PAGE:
Category Archives: Goals/Motivation

Being a “doer” vs. a “thinker,” and where you’ll go for New Orleans beignets.

20130120-100345.jpg
When I arrived in New Orleans on Thursday to attend the annual SPSP conference, everyone told me that I must immediately go to Cafe du Monde to eat beignets and drink cafe au lait.

Once I did get to Cafe du Monde, imagine my surprise to discover two things. First of all, it was not the easy “walk in, order beignets, enjoy” process that I was delusionally expecting. Secondly, I soon discovered that cafe au lait and beignets were, in fact, the only things that they had on the menu.

There’s no doubt that Cafe du Monde is renowned for their beignets. But let’s imagine for a second that there were a Starbucks right down the street, and this Starbucks had managed to create incredible beignets as well. If you were coming to New Orleans and wanted to enjoy a midday pastry with some friends, where should your group decide to go?

Continue reading

Should you tell Facebook about your resolutions?

Now that you’ve set your difficult, specific, and attainable resolutions for 2013, should you tell people about your plans?

Before you update your Facebook status proclaiming your intention to lose 15 pounds, run a marathon, or publish 20 papers, you should think about your reasons for broadcasting your plans to the world. If you’re thinking about this public commitment the wrong way, you might be setting yourself up for disaster.

Continue reading

Set SMART resolutions in 2013!

Many people around the world woke up this morning with a renewed determination to tackle a long list of resolutions. But as we head into 2013, it’s worth noting that some of these resolutions will be better than others. Psychological research on goals can clue us in to which resolutions will be more likely to end in success, and which will probably end up flopping before the snow even melts.

Continue reading

Where will you be voting? Figure it out now!

With everyone talking about the importance of “voter turnout,” how do you make sure potential voters make it to the polls?

Simple – make them figure out ahead of time how and when they’ll get there.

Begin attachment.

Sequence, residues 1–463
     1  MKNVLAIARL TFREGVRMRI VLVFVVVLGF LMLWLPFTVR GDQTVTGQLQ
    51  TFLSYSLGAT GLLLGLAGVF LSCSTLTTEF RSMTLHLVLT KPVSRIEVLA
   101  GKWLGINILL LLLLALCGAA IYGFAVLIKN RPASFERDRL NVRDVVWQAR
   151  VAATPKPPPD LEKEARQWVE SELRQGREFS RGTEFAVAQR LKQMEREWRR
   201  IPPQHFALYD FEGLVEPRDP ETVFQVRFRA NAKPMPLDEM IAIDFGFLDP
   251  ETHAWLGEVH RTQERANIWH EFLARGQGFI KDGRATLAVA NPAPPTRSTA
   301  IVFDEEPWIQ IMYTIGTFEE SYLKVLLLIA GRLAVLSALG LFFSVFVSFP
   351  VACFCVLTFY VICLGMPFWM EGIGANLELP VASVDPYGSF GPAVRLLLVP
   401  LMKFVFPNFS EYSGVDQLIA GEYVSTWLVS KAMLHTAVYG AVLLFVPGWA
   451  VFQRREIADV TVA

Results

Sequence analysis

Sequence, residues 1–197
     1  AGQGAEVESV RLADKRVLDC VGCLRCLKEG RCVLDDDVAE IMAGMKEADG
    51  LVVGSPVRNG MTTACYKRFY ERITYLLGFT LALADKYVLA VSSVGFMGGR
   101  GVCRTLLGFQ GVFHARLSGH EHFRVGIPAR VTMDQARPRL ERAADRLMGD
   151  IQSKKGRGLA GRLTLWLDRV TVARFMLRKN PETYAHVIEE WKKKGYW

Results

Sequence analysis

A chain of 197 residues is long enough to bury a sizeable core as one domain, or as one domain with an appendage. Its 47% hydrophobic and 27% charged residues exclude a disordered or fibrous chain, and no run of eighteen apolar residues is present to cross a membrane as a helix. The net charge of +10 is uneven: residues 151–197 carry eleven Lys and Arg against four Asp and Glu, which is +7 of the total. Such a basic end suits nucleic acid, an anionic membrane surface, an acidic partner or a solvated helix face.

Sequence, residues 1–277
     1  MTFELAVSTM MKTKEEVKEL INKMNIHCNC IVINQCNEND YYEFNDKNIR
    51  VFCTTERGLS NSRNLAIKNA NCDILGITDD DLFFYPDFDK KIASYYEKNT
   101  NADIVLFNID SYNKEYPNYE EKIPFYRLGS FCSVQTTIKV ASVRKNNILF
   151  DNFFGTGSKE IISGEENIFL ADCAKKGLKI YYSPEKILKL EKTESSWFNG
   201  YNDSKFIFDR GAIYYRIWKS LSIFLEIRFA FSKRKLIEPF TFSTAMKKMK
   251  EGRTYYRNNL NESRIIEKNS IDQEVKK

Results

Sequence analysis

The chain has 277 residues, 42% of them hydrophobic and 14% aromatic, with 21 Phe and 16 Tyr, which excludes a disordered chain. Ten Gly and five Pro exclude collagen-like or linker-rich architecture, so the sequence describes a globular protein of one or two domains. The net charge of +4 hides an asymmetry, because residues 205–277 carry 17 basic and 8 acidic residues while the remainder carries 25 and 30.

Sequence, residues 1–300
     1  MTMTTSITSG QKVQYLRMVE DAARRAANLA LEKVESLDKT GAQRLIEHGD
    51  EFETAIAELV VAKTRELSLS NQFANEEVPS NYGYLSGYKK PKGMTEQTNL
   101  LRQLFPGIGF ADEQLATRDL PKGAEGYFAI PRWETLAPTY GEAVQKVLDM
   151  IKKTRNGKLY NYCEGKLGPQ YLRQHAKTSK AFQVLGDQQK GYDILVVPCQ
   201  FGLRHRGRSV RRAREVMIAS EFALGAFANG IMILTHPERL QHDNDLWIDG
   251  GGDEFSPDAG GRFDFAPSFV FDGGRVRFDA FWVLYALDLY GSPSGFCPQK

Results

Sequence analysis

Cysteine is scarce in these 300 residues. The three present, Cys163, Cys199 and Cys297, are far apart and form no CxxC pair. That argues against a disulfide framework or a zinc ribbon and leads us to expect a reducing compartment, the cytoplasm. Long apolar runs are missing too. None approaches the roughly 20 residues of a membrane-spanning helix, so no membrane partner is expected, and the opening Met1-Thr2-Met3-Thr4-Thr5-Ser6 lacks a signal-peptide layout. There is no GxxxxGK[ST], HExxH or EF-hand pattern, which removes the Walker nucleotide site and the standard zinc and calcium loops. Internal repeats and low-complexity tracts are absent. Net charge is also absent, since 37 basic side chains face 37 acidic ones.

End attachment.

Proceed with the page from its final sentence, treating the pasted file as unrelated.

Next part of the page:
Continue reading

London 2012: Psychology at the Olympic Games

I’ve provided links below to all eight PsySociety posts on the psychology of the Olympic games. Click on the links to learn more about what blind judoka can teach us about emotions, how to predict which record-breaking athletes will be accused of drug abuse, why it’s so bad to be in the last lane of the Olympic pool, and more!

Continue reading

Why do swimmers hate Lane 8?

Jon Scheyer | Duke Blue Devils vs. Long Beach State - (12/29/09)

Jon Scheyer | Duke Blue Devils, 2009

Before I went to college, I was never a big basketball fan (for those who know me now, I’m aware that this is probably surprising). As a result, when I arrived for my freshman year at Duke and began attending a ton of basketball games, I had the opportunity to learn an entire dictionary’s worth of terms for the first time.

One of the phrases that I quickly heard was “playing down.” Even though we were highly ranked and expected to do well later in the season against big-ticket teams like the #2 Texas Longhorns (who we eventually beat by 31 points), I was somewhat surprised by the fact that our margins of victories over early opponents were, quite frankly, not as impressive as I had expected them to be.

“Ugh, we’re playing down again. We always do this,” my friend Leah would say.

It wasn’t intentional. The players probably didn’t want to run up the score, but they also probably didn’t want to make every game against a low-ranked opponent a too-close-for-comfort nail-biter. You would think that, given the large difference in rankings (and presumably in ability levels), the better team should be able to maintain a respectable 15-20 point lead — wide enough that no one had to worry about the outcome, but close enough that it wasn’t rubbing the score in the other team’s faces.

Yet…they didn’t. Most of the time they made sloppy mistakes, missing easy 3-point shots or turning over the ball more times than we could count. The looks of frustration on their faces let us know for sure that this wasn’t anything they were doing on purpose. They weren’t thinking, “OK, this is a no-name team…let’s just not play as well as usual.” They were certainly putting in effort, but they simply couldn’t break past a ceiling that seemed to be hanging far lower than usual, even though their skills were demonstrably better when they played higher-ranked teams. In short, as Leah noted, they were “playing down.

Continue reading

The benefits of seeing a “challenge” where others see a “threat.”

USA Gymnastics: June 8, 2012 - Senior Women Day 1 - Aly Raisman

USA Gymnastics/Brian Freed

 

 

You ask [Aly Raisman] about feeling the pressure and she says, ‘I don’t really feel it,’ and you know, I think it’s because she labels it something different in her head. Some kids feel anxiety, feel pressure, she feels excitement. It’s just how you label that.
– Tim Daggett, Olympic commentator, 7/31/12

 

 

When you’re faced with a high-pressure situation, like giving a public speech, taking an important exam, or performing in an athletic competition, it’s only natural to assess whether or not you are adequately prepared. Are you ready to compete? Are you fully rested? Do you remember your notes? According to the biopsychosocial model of challenge and threat, these appraisals can lead you to construe the same situation in markedly different ways. If you have enough resources to deal with the situation, you are more likely to view it as a challenge; if you do not, you will perceive the situation as a threat.

These different perceptions (or construals) don’t only impact the literal way that you identify and label these events; they have distinct physiological and functional outcomes as well.

Continue reading